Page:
Unfortunately, I ran into trouble with the FingerTech 2.125" Mecanum wheels. The rollers are nicely-molded rubber, but the shafts are just 1/8" brass rods riding directly on the plastic hubs. Steel washers separate the rubber from the face of the plastic, but there is still way too much friction for the rollers to do what they're designed to do. (For reference, here's a smooth-driving ~40lb Mecanum wheel chassis. And here's the full ~110lb robot.)
FingerTech does sell a bearing upgrade kit, but I have my doubts. The bearings they sell are needle roller bearings, which can only handle radial force. The roller shafts can still slide sideways, allowing the metal washers to rub against the plastic face of the wheel. That, if anything, is the large-surface-area friction culprit of these wheels. So, I decided to go my own way and get much more expensive SR144ZZ ball bearings:
|Pictured: Lunch money for three days.|
Additionally, I bought some 1/8" ID bearing shaft shims, McMaster P/N 99040A316. These tiny shims keep the metal washers that come with the Mecanum wheel rollers separated from the inner race of the bearings, spacing them out from the side face of the wheel. This allows the ball bearings to take up the thrust load, rather than the face of the wheel. Here's the roller, stock washer, and extra shaft shim all in place on one shaft:
The next step was boring out each of the 24 roller shaft holes from 1/8" to 1/4" to accept the new bearings. Since the faces on which these holes are drilled are at 45º to the rotational axis of the wheel, and spaced 60º radially from each other, and there are two different (mirror image) wheels, this was not a simple task.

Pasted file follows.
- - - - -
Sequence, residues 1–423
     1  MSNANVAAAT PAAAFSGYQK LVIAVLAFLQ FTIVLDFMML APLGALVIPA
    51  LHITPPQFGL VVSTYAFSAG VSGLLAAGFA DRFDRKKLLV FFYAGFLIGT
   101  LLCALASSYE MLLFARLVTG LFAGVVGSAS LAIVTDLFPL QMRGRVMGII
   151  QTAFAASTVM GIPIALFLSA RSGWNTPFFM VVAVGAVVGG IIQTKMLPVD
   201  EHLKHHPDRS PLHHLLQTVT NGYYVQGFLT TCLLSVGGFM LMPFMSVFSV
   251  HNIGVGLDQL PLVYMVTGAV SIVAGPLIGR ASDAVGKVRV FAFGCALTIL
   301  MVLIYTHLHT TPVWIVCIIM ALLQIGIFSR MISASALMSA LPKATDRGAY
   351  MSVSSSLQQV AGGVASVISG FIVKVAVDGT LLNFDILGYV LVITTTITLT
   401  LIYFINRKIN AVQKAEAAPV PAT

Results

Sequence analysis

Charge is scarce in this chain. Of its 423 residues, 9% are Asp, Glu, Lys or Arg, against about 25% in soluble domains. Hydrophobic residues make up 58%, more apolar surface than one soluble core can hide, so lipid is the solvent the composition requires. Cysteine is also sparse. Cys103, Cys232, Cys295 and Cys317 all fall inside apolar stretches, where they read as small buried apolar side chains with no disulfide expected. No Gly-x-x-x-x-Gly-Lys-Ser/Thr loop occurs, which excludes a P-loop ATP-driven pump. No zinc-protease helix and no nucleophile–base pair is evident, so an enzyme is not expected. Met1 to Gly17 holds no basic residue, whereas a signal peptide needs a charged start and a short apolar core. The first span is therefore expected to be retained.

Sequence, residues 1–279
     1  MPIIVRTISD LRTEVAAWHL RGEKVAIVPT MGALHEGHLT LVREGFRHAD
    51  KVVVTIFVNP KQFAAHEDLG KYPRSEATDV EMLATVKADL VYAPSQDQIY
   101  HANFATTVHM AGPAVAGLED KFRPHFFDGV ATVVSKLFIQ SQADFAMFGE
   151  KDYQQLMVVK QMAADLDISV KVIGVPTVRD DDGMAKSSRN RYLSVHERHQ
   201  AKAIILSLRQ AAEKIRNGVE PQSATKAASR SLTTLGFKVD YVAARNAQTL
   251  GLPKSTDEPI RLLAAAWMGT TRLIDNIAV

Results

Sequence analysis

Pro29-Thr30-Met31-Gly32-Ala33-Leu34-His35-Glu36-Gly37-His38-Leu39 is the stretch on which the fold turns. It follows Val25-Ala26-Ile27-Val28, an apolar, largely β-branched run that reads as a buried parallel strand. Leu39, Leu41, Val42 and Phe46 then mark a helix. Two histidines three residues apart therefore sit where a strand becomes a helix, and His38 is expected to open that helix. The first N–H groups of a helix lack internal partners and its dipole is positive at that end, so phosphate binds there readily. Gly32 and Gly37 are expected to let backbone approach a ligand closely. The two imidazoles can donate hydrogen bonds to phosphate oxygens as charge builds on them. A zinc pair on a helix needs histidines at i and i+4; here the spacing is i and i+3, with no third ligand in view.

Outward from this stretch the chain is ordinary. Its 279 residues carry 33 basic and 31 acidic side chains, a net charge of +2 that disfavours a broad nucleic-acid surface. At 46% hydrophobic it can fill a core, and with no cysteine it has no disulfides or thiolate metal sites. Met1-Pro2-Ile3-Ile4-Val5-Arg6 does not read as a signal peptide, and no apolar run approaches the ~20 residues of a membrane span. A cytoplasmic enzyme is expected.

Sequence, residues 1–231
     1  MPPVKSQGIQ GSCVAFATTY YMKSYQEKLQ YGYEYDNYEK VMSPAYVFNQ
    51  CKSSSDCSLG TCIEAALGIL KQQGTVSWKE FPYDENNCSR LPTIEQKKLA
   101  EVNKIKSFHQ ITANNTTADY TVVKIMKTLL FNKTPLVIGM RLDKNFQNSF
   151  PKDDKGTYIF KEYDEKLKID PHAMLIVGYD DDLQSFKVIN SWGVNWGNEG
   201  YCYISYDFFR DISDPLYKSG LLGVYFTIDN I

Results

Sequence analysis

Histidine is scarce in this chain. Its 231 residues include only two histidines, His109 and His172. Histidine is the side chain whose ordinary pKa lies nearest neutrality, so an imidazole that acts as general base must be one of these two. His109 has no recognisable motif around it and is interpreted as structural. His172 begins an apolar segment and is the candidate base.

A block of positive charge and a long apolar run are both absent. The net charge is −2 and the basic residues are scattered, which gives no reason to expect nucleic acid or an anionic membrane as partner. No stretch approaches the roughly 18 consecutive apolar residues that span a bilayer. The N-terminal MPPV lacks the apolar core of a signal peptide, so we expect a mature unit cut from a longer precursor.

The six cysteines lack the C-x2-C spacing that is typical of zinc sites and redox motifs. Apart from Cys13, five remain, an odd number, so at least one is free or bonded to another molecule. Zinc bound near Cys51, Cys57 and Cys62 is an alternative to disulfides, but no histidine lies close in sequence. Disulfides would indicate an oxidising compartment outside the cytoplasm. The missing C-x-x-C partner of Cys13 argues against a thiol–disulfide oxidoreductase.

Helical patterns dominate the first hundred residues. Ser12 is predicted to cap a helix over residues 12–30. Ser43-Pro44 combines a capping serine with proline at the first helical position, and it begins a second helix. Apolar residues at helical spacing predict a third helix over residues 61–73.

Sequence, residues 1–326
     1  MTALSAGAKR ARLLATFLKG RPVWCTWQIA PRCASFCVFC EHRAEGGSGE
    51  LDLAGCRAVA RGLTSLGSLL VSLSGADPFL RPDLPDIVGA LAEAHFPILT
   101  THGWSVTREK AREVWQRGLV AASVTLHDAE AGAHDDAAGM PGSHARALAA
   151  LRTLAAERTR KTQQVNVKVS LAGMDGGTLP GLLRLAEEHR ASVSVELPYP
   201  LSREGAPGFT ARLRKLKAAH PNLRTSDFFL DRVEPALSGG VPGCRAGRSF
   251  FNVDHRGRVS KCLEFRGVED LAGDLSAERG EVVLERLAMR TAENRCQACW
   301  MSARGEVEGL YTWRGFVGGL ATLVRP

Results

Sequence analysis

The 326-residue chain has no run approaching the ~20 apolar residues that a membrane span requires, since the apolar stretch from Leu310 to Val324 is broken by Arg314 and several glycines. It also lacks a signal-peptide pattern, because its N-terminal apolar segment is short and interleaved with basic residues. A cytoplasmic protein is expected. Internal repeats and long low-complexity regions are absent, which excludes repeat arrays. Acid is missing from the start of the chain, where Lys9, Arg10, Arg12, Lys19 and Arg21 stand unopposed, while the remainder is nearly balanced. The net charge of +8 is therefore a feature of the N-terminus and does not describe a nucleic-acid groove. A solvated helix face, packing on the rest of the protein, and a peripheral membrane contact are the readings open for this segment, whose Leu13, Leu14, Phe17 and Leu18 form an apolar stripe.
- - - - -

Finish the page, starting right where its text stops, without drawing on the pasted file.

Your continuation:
|Or maybe it was, and I made it way more complicated.|
In any case, I managed to increase the roller bores to 1/4" in a way that isn't idiotic. The next step in this already-too-long-and-expensive process was to take apart all the wheels:
Then, I pressed in the bearings one by one and...realized I only ordered half as many SR144ZZ's as I needed.
A few days and $70 later, I finally got around to reassembling all four wheels with the new bearings.
And after all that work I had four wheels that look exactly the same as they did before, but cost 122% more than FingerTech pretends they do. At least they will be more functional. Except they weren't, at first. After just a minute of driving around, half the bearings had slipped sideways, allowing the metal washers to contact the sides of the wheels again. This was mostly because the new bore was exactly 1/4", so the press fits were loose. So, I took all four wheels apart again...
|...cursing myself for ever thinking this was a good idea.|
And I very carefully added CA to each of the 48 bearings (two per shaft) to hold them in place:
I used a sharp object to spread CA around the bearing perimeter so it would wick into the bore, hopefully without getting into the bearing itself. I managed not to ruin any bearings, but the process took half a day. And then I still had to reassemble all the rollers.
I wish I could say that the result of all this Mecanum wheel re-engineering was a wonderful drivetrain that will rival Twitch for its speed and maneuverability. I wish I could say it was all worth the effort and the money. But, after putting it all together and running it, it's still only barely passable as a Mecanum, drive:
Yes, it moves sideways. But it's a jerky, bumpy, inefficient sideways. All Mecanum drives are less efficient sideways than they are forward, but this one is really fighting. It tends to rotate while moving sidways as well, which is a sign of mismatched wheel friction and bad weight distribution. That can mostly be compensated out by gyro feedback. But the gyros won't be able to stop it from bouncing around like a cockroach bot. That's mostly a function of the wheel shape and twitchy nature of small/light robots with oversized motors.
So I'm not sure how much more time or money I'm willing to spend on it. I feel like adding weight, switching to a higher gear reduction, and adding closed-loop rotation control would help a lot. But the thought of buying new gearboxes, a gyro, and possibly stiffer chassis plates makes me cringe. I'm glad it isn't just sitting half-finished on a shelf anymore, though.